Stress is unavoidable and is a kind of protective mechanism. There are many effects of stress on the body. Acute stress may cause a sudden rise in adrenaline levels and energy levels and help protect from specific threats as it initiates a “fight or flight” reaction.
However, chronic stress is altogether a different thing. It increases the risk of various disorders. Chronic stress may be in reaction to real or even perceived threats like the worry of losing a job, financial issues, family problems, issues with kids, and so on. Unfortunately, most people fail to control it adequately, forcing the body to stay in stress mode and secreting stress hormones.
Effects of Stress on the Body
Chronic stress is a psychological issue that begins in the brain. Stress results in the initiation of the so-called hypothalamic–pituitary–adrenocortical (HPA) axis. HPA axis response starts with the release of a hormone that stimulates the pituitary gland in the brain. The pituitary gland then releases adrenocorticotropic hormone (ACTH), which increases cortisol levels.
Cortisol is quite comparable to adrenaline but has much milder and broader actions on the body. Unlike adrenaline, it is for countering the continuous low-level threat. Cortisol increases blood glucose levels, suppresses immune responses, and has a behavior-modifying effect.
Cortisol modifies behavior in a way that may be protective. Thus, a person may avoid exercise, work harder, consume higher calories, may engage in smoking and alcohol consumption. However, the long-term effects of cortisol are ultimately bad for health.
Researchers think that although changes caused by a few weeks of stress may be reversible, but it is challenging to reverse these changes if they last longer. Prolonged unmanaged stress causes a state of being “stressed out”. It requires much more significant lifestyle changes.
Further, it is also worth noticing that chronic stress also increases the risk of obesity. It also influences the working of various other organs like kidneys and liver. Cortisol lowers immunity. Cortisol increases levels of glucagon and thus blood glucose levels and insulin resistance.
Those living with chronic and unmanaged stress are at elevated risk of diabetes, cardiovascular disorders, depression, sleep disorders, and even dementia.
Stress and High Blood Pressure
Studies show that Indians are particularly prone to chronic stress. Things are made worse because adults in India are also less likely to engage in modern intensity exercise or take steps to manage chronic stress. Researchers are unsure if it is due to genetics or it is something cultural. Nonetheless, studies show that Indian immigrants living in the UK or US are also more prone to stress and cardiovascular disease than whites. In fact, studies show that although the population of South Asia is 25% of the global population, but 50% of heart attack occurs in this geographic zone.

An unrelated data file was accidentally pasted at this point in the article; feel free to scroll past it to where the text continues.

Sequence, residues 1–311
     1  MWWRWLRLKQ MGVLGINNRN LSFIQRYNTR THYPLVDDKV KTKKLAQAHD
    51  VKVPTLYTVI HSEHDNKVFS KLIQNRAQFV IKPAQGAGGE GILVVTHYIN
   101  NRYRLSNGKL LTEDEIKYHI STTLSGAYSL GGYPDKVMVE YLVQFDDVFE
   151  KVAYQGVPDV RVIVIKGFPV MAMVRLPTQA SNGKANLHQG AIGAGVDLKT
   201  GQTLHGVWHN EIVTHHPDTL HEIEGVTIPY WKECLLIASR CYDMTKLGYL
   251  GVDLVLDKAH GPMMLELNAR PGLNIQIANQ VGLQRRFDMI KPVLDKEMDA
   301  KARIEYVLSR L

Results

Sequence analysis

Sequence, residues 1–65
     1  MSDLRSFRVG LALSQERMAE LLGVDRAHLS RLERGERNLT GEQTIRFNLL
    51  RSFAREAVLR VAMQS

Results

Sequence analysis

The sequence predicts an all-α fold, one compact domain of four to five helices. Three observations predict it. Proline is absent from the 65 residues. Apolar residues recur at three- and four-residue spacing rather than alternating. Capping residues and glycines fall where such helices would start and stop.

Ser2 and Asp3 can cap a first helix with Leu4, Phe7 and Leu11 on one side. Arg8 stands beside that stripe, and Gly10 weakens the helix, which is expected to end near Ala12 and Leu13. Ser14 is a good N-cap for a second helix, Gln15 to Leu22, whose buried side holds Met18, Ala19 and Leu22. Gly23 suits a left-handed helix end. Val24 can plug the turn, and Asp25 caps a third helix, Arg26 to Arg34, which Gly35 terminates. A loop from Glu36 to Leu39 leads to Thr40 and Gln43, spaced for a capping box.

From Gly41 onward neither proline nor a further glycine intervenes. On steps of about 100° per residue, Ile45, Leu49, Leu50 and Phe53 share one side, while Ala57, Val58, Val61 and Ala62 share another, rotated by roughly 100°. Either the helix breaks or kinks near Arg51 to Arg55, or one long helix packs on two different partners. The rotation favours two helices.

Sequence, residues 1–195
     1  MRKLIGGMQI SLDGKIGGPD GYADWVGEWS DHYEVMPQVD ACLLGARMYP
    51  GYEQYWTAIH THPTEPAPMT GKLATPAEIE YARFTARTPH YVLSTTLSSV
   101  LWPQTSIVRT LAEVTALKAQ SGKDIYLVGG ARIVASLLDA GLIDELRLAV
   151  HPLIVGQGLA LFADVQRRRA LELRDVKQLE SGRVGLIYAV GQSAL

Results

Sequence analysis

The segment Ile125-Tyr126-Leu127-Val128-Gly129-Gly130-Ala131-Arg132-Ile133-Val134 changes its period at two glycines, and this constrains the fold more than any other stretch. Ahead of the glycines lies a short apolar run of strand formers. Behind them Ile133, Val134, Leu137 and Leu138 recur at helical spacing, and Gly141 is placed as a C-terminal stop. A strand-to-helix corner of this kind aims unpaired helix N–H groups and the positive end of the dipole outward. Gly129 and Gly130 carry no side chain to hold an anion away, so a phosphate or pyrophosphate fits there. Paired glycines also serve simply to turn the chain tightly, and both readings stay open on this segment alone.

Stress is not the only contributing factor to the high risk of cardiovascular diseases, but definitely one of the major contributing factors. There could be many underlying mechanisms, and not all are fully explainable by science. Nonetheless, it appears that high cortisol has something to do with it.
Further, stress increases the risk of hypertension. Those living with stress have higher levels of vasopressin. It is a hormone that causes vasoconstriction and higher blood pressure. Its continually high level due to stress may make arteries stiff, and cause changes in the kidney, thus causing hypertension.
In one of the large-scale studies, researchers tried to know if stress indeed increases the risk of heart disease or not. In the INTERHEART study, done in 52 countries and 24767 subjects, researchers compared those living with high stress with those with low-stress levels. They found that permanent stress related to work and home increased the risk of heart attack (myocardial infarction) by 2.17 times.
There is no doubt that stress increases the risk of hypertension and heart attack. It may also increase the risk of various other ailments by promoting unhealthy behavior. Many unhealthy responses like binge eating, smoking, alcohol consumptions are frequently a response to chronic stress. These unhealthy responses may even help in the short run. However, in the long run, they considerably increase the risk of various chronic ailments.
Even worst, people with chronic stress are less likely to engage in healthy habits like exercise, practicing a restrictive diet.
Thus, to prevent hypertension and heart attack, the starting point may be to counter chronic stress and understand its grave role in health. One may reduce stress by making significant lifestyle changes through exercise, practicing healthy hobbies, yoga, and even religious practices.